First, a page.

Great Lent is an Ascetical Fast: The Church teaches us to fast until sunset. Fish is not allowed during this period. Also married couples should refrain from physical relations to give themselves time for fasting and prayer (1 Cor. 7: 5). We would like to emphasize the importance of the period of strict abstention during fasting. It is refraining from eating and drinking for a period of time, followed by eating vegetarian food. Some people practice fasting by abstaining from meat and they eat vegetarian food, disregarding the period of strict abstention. These people should actually be regarded as vegetarians and not as fasting. A vegetarian eats only vegetarian food, but is not considered a fasting person. True fasting must be accompanied by abstention from food and drink until sunset as designated by the Church. However, due to variations in people’s physical and spiritual abilities, the Church gave the father of confession the authority to designate to his children the length of their strict abstinence. He determines what is suitable for their spiritual benefit according to the nature of their work, as well as their physical ability to endure fasting.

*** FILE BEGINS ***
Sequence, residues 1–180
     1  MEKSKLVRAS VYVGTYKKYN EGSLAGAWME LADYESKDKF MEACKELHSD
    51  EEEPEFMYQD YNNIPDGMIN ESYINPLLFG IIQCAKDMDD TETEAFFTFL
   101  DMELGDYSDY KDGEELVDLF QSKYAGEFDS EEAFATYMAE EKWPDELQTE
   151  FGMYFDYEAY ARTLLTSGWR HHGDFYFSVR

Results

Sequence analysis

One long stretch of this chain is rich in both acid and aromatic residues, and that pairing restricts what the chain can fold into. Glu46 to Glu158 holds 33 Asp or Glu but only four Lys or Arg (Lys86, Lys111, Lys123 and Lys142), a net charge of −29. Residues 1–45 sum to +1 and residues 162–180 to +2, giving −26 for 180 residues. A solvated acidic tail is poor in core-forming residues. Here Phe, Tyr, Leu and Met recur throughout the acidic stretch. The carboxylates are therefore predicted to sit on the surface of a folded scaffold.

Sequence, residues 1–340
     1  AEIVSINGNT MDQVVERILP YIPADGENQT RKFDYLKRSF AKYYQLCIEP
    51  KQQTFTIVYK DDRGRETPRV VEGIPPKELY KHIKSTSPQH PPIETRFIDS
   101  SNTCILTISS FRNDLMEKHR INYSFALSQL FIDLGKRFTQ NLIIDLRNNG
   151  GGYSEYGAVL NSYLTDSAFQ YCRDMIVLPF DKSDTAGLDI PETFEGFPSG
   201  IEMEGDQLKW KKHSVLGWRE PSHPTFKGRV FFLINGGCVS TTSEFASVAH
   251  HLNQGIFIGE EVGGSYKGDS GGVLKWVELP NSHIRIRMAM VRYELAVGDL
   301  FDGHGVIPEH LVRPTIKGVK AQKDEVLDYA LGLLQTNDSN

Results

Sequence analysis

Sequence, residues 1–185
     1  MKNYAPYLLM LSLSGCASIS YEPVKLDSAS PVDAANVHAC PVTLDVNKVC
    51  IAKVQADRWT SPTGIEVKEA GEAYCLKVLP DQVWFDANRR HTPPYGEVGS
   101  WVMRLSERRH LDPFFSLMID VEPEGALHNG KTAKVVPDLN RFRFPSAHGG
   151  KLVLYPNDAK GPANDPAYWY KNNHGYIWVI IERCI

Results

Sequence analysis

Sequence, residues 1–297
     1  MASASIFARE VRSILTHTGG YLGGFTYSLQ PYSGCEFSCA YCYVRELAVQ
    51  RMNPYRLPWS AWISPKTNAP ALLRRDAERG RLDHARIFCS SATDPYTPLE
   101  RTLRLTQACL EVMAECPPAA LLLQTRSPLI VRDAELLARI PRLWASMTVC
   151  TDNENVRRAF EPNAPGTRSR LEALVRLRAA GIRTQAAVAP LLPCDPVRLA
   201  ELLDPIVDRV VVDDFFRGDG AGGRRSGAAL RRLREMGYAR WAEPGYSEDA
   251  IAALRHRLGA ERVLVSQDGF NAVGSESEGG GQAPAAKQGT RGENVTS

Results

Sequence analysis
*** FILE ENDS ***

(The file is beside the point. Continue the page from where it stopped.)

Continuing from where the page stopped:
Great Lent is a Period of Prayer: The period of Great Lent is distinctive for its many Liturgies. They become the spiritual treasure for the fasting person to help him throughout the rest of the year. In addition to the Divine Liturgy on Sundays, which have specific readings, hymns, and tunes, the Church also arranged special readings for the daily Liturgies during Great Lent. Also, during the weekdays, there are special hymns. The Church celebrates the Divine Liturgy almost daily during Great Lent. It is preferred that these Liturgies start late in the day to offer those fasting the opportunity to practice strict abstinence. It is not permitted to have the Divine Liturgy on weekdays early in the morning, since we pray the hours until the Compline Prayer. How can we pray the psalms of the Compline Prayer at 5:00 A.M.? Also, having an early morning Liturgy means there will not be abstention from food, since we can not abstain from food following the Divine Liturgy. The proper time to end the Divine Liturgy during the weekdays of Great Lent is at sunset. Due to the inability of the elderly and the sick, it is permitted to have it end earlier, but not before noon. That way everyone may receive the blessing of Holy Communion, while benefiting from abstention. We hope that the fathers of confession will take great care in guiding their children as to the importance of strict abstinence and how to struggle to keep it for as long as they can.